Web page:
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What does 100% Arabica mean?

In short: it is a coffee blend made from Arabica varieties. This doesn't mean anything in itself, but the 100% label looks good on any packaging, despite the fact that we know quite a bit about the coffee itself.

The varieties of the coffee plant can be classified into three large tribes.

These are Robusta (originally known as canephora, only this was the winner in the Anglo-German academic debates of the beginning of the last century), Arabica and Lyberica, which has now almost completely disappeared. In each tribe, there are many (or almost countless...) varieties and variants (and their subvariants), all of which have their own unique characteristics, similar to, for example, Hungarian apples.

What is the difference between Arabica and Robusta?

Actually, the similarity is more, since both are two different strains of the same plant. Coffee can be made from the fruits of both (more precisely, from the seeds of the fruit similar to cherries). It is grown elsewhere, it is grown differently, the size of the beans is different, the caffeine content is different and of course the taste of the finished drink is different.

As a rule of thumb, it can be said that the Robusta shrub is more unpretentious, easier (cheaper) to grow (even in large-scale production conditions), less susceptible to diseases, and in return it can be used to make a drink with a higher caffeine content, more intense taste and aroma, but lower quality (less delicious). (Of course, there are also specialty Robustas, but let's not get into that now...).

That is why they started mixing (blending) Arabica and Robusta coffee beans.

If there is a coffee that is more expensive but finer (softer) and another that is cheaper, has a strong taste, but gives body and crema, by mixing the two you can create a drink that gives a cost-effective, spectacular and acceptable result. The general blend is 70-30 or 80-20 (there is always more Arabica in it), but of course many things can happen. Of course, those who considered other aspects important started to mix blends from only Arabica varieties.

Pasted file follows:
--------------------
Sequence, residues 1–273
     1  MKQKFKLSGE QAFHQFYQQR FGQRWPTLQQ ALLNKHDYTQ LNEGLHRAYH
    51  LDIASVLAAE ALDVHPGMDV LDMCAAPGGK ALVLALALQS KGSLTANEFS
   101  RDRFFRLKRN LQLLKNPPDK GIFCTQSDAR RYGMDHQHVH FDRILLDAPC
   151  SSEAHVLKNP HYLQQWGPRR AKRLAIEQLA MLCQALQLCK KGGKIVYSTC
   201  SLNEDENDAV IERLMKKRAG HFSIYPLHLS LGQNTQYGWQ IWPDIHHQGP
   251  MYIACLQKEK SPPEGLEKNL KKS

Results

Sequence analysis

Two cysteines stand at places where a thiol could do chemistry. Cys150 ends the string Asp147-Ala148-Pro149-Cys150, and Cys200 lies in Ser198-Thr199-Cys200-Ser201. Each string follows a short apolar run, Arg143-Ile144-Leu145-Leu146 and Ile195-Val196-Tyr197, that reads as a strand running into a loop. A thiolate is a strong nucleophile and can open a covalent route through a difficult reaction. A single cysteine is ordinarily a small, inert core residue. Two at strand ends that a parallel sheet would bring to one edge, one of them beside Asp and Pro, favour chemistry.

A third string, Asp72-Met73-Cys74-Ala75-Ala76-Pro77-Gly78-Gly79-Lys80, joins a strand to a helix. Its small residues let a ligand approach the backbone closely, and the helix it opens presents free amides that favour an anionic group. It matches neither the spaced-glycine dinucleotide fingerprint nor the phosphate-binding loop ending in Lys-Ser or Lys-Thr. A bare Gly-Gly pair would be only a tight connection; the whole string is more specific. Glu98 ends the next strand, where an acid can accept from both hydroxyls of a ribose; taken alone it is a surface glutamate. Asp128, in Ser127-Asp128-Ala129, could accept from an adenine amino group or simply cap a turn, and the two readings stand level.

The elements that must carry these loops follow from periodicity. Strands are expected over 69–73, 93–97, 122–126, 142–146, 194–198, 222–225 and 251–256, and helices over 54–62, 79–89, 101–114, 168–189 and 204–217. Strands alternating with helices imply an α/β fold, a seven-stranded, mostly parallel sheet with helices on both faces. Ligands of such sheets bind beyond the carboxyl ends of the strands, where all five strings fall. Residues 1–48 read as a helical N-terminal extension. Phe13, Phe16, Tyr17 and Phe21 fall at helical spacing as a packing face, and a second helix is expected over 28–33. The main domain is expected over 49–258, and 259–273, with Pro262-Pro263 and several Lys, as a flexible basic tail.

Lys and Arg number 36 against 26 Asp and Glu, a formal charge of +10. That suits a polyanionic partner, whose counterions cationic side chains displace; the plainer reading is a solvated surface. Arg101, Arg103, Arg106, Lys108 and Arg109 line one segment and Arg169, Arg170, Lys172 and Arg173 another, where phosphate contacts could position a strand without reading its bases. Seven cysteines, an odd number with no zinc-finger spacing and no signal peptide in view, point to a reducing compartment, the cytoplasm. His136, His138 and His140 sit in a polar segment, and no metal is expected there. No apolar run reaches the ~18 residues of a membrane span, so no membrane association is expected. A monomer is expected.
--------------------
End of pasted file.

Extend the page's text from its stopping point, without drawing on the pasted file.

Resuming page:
Why is it good to mix (blend) coffee?

The single origin coffees also used by Steamhouse all have their own taste, which is typical only for the given area, variant and the given vintage (in this case, coffee is very similar to wine). Therefore, it is almost impossible to achieve the same taste twice in a row within a year and a half, moreover, such coffees are much more sensitive to storage and preparation. If there is a specific flavor that the coffee company wants to achieve (because its customers insist on it, or because it wants to sell in a quantity that does not exist from one type), it starts to "marry" several types of coffee in different forms (hello, winemakers!). If you have the desired result, you "only" have to find the coffees and proportions that always give the same results year after year. (The coffees are usually mixed after roasting and the resulting drink is tasted). One of the first and most famous producers of Arabica blends was Ferenc Illy's company in Trieste in the first half of the last century (the brand name might be more familiar without Ferenc, let's be proud of him!), where to this day a very well-prepared team is tasked with selecting and putting together those belonging to the Arabica tribe coffee varieties, which will be put on the shelves as blends in the future, and give the same taste experience that has been used for decades with that brand.

Is Samurai Shoelace coffee 100% Arabica?

Yes, as we do not use robusta. All of our coffee comes from a so-called "single origin", i.e. from one growing area (sometimes from one plantation), so although it is technically valid, we do not use this indicator. (Quality wineries also do not write on the wine that it is made from 100% grapes). It may happen that the fruits of several subvariants are mixed (e.g. Costa Rica is famous for the hybridization of catua and caturra varieties, they sometimes come from the same farm, from different vineyards), but of course these coffees also meet the "specialty" qualification.

In summary : where the coffee came from, what varieties (variants) it is made of, and when it was roasted are more important than the 100% Arabica label on a package. At the same time, with a "100% Arabica" coffee blended from less quality ingredients, a quality 80-20 blend may give a much better experience, but this is a matter of taste, and we will not open a debate about it.

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